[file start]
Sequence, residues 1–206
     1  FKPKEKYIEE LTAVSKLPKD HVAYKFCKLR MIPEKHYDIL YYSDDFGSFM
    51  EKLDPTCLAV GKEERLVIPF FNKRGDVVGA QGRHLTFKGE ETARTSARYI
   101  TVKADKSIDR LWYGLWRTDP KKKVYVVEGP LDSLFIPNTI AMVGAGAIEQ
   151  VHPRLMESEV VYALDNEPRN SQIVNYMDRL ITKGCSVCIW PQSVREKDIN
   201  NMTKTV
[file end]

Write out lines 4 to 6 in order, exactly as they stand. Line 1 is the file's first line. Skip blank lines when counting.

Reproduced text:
   101  TVKADKSIDR LWYGLWRTDP KKKVYVVEGP LDSLFIPNTI AMVGAGAIEQ
   151  VHPRLMESEV VYALDNEPRN SQIVNYMDRL ITKGCSVCIW PQSVREKDIN
   201  NMTKTV